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Supplement: The Future of Primary Care |

Primary Care at a Crossroads

Jonathan Showstack, PhD, MPH; Arlyss Anderson Rothman, PhD, MHS, FNP; and Susan Hassmiller, PhD, RN
[+] Article, Author, and Disclosure Information

From the University of California, San Francisco, San Francisco, California; and the Robert Wood Johnson Foundation, Princeton, New Jersey.

Grant Support: By grant 039940 from the Robert Wood Johnson Foundation.

Requests for Single Reprints: Jonathan Showstack, PhD, MPH, University of California, San Francisco, 3333 California Street, Suite 265, San Francisco, CA 94118-1944.

Current Author Addresses: Drs. Showstack and Anderson Rothman: University of California, San Francisco, 3333 California Street, Suite 265, San Francisco, CA 94118-1944.

Dr. Hassmiller: The Robert Wood Johnson Foundation, Route 1 and College Road East, Princeton, NJ 08543-2316.

Ann Intern Med. 2003;138(3):242-243. doi:10.7326/0003-4819-138-3-200302040-00031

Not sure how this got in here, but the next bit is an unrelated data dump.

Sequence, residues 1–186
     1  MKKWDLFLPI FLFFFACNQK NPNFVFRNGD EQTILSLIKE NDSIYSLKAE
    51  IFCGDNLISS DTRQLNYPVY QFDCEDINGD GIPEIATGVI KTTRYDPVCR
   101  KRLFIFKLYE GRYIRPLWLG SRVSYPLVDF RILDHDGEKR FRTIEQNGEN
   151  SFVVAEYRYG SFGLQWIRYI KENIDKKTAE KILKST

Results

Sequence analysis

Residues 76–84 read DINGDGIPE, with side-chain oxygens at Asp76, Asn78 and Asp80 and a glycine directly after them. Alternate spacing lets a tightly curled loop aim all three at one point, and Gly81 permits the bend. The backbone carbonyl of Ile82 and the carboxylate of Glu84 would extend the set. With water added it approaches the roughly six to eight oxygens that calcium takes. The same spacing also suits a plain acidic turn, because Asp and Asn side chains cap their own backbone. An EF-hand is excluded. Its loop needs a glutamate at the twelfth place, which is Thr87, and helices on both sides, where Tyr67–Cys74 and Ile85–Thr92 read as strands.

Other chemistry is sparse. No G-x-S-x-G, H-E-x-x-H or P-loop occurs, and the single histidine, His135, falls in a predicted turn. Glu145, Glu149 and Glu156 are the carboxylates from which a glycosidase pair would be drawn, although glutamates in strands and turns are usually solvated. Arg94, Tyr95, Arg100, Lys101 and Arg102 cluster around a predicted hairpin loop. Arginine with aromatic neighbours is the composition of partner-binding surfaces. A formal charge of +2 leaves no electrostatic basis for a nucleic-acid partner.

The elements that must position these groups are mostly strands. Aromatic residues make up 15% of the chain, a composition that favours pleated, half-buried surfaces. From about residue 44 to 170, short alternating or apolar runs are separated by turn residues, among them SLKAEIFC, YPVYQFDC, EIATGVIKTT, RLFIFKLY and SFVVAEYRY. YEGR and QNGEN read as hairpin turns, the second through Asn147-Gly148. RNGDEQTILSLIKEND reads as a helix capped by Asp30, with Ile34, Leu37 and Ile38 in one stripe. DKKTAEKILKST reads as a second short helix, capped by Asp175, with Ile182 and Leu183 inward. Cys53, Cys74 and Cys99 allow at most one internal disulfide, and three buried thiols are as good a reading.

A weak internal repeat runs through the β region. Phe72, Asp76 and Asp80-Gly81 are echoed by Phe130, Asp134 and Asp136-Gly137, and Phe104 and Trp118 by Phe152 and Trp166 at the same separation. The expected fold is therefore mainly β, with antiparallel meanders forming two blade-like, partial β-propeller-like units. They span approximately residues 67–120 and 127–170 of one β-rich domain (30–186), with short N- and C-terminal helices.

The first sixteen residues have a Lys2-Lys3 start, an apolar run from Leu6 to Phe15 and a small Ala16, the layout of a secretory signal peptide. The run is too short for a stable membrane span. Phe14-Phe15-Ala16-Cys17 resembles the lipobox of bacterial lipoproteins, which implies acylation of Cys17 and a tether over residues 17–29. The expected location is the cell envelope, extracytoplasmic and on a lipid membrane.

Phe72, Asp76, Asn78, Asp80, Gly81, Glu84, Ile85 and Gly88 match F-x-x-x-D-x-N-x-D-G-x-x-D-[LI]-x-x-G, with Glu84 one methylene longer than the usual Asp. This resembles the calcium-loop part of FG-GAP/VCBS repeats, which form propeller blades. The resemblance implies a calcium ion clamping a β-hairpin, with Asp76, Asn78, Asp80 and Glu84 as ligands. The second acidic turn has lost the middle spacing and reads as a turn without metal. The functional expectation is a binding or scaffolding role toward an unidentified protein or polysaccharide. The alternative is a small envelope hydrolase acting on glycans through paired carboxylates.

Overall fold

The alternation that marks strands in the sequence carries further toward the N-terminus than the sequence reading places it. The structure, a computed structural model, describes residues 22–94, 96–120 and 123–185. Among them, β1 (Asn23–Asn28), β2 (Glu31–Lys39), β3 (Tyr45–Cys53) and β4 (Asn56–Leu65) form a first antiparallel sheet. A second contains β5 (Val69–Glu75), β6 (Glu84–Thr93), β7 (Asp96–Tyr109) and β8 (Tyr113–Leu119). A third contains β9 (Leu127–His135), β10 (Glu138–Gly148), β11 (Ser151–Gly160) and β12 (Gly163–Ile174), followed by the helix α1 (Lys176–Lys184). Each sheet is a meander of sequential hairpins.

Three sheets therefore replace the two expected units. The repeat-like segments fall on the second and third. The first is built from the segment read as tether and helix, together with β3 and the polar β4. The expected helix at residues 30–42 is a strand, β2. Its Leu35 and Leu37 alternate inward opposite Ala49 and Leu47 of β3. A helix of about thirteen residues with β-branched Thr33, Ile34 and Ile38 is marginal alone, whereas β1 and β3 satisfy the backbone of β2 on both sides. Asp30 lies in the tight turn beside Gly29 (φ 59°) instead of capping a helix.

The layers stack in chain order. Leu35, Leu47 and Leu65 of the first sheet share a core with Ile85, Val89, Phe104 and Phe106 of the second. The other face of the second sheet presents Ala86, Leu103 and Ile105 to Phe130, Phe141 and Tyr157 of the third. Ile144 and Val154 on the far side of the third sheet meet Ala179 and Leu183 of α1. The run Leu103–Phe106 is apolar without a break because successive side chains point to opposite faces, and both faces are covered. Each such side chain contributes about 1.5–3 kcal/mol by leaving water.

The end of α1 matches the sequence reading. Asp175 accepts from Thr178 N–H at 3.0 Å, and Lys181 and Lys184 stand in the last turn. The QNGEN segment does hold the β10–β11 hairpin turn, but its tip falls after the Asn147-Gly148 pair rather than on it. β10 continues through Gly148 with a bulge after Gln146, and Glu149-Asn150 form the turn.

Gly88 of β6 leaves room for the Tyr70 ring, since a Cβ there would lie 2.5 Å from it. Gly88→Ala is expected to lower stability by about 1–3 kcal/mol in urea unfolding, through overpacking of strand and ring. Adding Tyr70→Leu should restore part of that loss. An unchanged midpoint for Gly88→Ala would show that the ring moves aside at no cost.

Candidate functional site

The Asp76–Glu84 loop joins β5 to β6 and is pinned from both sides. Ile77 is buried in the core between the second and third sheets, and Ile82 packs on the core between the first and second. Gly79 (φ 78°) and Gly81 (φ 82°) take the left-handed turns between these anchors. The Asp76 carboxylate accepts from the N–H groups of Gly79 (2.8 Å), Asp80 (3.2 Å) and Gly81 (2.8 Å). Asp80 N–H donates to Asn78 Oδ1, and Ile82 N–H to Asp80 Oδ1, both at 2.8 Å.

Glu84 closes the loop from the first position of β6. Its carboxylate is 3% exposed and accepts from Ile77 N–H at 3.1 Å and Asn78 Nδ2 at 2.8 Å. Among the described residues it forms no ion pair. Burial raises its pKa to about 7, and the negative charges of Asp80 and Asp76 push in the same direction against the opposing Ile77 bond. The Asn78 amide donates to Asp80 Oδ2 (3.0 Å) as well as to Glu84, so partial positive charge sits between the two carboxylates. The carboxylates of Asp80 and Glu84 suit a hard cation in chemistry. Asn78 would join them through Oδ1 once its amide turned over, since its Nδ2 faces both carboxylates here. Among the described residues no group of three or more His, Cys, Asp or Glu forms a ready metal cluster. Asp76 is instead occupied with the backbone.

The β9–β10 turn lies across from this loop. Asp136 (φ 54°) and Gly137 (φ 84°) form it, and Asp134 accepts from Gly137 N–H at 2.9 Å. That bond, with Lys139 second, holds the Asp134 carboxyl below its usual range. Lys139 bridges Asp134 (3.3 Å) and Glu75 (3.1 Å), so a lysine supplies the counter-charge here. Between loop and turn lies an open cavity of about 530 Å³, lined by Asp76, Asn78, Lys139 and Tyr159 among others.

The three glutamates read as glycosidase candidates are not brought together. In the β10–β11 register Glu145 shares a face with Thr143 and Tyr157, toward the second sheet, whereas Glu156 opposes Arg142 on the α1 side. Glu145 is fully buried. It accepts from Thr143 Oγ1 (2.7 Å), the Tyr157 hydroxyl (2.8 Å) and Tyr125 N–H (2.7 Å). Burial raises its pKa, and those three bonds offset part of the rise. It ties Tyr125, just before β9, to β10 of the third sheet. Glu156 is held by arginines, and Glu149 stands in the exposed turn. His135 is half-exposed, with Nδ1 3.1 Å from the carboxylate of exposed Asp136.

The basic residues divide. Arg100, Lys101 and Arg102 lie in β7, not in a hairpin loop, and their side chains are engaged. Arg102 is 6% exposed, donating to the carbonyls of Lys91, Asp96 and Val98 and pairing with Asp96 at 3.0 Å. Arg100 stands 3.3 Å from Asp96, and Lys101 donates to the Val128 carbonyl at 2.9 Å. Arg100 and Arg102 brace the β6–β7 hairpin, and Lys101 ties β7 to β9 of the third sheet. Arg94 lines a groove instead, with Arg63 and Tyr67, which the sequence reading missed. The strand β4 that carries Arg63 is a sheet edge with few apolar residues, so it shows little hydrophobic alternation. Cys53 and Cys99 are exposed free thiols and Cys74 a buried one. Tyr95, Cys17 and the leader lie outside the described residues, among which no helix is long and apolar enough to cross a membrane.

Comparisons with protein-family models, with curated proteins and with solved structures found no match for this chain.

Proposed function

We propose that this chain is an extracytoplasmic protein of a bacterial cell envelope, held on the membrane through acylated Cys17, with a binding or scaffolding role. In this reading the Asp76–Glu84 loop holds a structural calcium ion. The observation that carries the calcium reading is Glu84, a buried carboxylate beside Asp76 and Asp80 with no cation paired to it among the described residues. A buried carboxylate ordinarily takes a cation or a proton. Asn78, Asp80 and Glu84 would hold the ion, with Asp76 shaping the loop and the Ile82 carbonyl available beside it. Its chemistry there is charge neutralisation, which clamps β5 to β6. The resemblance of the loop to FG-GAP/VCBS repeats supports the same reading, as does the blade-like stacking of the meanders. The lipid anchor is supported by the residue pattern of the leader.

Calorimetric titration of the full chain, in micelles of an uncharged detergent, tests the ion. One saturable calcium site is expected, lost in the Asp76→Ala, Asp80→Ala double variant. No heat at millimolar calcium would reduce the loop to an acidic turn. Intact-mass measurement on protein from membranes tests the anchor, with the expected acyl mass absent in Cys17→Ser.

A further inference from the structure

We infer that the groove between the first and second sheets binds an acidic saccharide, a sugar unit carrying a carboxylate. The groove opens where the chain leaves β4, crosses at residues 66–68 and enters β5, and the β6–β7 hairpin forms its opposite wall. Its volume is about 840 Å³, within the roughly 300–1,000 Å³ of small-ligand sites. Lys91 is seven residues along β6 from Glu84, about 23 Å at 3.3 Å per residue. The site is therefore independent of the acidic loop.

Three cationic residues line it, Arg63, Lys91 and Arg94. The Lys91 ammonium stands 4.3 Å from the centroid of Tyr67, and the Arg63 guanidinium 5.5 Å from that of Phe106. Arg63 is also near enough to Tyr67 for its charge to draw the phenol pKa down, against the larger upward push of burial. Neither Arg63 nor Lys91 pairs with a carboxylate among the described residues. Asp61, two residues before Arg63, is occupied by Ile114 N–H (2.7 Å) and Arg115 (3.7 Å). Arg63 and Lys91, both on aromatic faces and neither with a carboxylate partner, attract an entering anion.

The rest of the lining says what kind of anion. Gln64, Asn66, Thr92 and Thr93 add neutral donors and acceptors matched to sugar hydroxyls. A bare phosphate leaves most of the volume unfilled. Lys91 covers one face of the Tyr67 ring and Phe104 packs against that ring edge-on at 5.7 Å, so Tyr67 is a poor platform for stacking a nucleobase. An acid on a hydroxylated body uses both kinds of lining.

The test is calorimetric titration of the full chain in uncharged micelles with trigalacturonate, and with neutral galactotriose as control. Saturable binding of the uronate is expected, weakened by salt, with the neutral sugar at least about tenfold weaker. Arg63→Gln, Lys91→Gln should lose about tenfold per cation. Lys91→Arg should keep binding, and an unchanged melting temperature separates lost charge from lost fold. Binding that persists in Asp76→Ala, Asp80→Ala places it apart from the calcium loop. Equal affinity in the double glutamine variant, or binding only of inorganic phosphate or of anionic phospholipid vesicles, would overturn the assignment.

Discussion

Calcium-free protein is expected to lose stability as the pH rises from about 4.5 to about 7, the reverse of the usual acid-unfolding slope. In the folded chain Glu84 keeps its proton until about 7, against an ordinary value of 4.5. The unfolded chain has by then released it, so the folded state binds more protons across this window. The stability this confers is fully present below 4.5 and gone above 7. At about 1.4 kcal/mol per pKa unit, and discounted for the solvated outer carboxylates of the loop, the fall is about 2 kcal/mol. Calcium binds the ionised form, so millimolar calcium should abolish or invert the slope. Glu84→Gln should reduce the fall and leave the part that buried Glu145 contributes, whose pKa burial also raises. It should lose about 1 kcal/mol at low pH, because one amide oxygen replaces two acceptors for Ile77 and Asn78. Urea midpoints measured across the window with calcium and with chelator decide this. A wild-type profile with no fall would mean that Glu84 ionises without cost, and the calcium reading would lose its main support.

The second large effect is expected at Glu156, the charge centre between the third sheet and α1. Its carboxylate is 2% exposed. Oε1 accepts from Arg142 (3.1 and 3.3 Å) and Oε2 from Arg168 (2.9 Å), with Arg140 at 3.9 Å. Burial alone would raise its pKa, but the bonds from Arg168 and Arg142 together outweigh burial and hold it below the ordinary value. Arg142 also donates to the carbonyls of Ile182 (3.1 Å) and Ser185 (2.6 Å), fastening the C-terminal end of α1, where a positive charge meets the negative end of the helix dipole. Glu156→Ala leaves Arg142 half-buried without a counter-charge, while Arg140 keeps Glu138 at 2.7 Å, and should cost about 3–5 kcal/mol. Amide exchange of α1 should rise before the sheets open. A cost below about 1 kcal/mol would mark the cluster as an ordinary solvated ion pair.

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The term “primary care” means different things to different people. Many of us have championed primary care because of its theoretical and practical contributions to the health of individuals and populations. Despite the rise of “scientific medicine” and specialization, the concept of primary care has achieved an important place in the delivery of health services. Over the past century, primary care has developed from the idea of a family doctor who tended to the medical, and at times the emotional and social, needs of his patients to a new and much richer and idealized concept that includes prevention, continuity of care, health maintenance, and death with dignity, among others. The renaissance of primary care that began in the 1970s, however, has begun to wane. Today several organizational, economic, and social forces are presenting new challenges to primary care. How those challenges are addressed will largely determine the future of primary care and primary care's role in addressing the health needs of our population.

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